Grand Junction shows signs of being behind U.S. economic recovery
The fourth quarter nationwide may have looked rosier than the last three months of 2009 in Mesa County.
Personal income in the United States increased by 4 percent, disposable personal income increased 4.8 percent, the worth of products made in the United States increased 6.4 percent, and the portion of goods and services produced by labor and property in the United States, succinctly known as real gross domestic product, increased by 5.7 percent from the third quarter to the fourth quarter of 2009, according to the U.S. Bureau of Economic Analysis.
The most current corresponding data for Mesa County is from 2008.
While demand for some products in Grand Junction picked up in the fourth quarter, Diane Schwenke, executive director of the Grand Junction Area Chamber of Commerce, said the quarter, like the rest of last year, “was not great” for local businesses.
“It was spotty,” Schwenke said. “I had some businesses tell me they were doing better in the fourth quarter, while others said, ‘I’m not seeing it.’”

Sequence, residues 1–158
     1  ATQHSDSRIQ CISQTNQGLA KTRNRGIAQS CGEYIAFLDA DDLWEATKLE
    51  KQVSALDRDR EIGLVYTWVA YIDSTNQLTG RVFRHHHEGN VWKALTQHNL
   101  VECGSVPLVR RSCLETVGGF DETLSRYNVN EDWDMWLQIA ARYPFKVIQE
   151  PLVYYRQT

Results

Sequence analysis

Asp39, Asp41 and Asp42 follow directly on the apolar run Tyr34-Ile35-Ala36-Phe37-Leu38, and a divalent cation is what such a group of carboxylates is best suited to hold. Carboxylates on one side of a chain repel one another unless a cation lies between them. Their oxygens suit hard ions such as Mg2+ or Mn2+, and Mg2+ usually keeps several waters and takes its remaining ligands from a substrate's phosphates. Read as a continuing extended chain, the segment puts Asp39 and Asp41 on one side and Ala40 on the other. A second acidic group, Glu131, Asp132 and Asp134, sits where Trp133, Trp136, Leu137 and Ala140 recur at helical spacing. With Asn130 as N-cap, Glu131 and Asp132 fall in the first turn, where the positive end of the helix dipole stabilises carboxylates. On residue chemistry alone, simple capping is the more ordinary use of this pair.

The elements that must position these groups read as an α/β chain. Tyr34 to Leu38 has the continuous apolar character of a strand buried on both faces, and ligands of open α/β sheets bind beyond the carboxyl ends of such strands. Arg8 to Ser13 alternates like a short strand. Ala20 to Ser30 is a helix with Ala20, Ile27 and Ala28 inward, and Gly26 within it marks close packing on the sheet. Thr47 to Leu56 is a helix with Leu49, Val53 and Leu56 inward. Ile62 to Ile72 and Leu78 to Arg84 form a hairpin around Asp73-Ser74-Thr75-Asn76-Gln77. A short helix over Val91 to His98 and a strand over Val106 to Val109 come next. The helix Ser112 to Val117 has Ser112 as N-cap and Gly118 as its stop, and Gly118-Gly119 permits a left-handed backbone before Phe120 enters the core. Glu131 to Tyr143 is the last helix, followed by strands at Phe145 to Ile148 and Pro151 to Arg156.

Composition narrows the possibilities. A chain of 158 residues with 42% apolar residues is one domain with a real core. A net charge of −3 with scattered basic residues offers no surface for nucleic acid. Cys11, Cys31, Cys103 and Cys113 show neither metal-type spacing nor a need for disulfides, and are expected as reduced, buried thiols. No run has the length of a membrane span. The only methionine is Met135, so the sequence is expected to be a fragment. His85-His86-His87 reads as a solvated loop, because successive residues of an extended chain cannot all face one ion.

Grand Junction is often behind national economic trends by a few months, Schwenke said. The Chamber of Commerce is budgeting a flat year for its 2010 operations.
While investment in real estate increased nationwide by 5.7 percent from the third to the fourth quarter, single-family home-sale closings decreased nearly 10 percent during the same time in Grand Junction, according to the Colorado Association of Realtors, and median home prices decreased by $1,429.
The Grand Valley may be behind the trend in real estate, but Sandy Barger, a Realtor with Keller Williams, said the local residential market is doing well in a usually slow time of year because of a tax credits for first-time home buyers and existing homeowners.
“I can’t speak for everybody in the valley, but I know our month of February is set to have more closings than last February,” Barger said.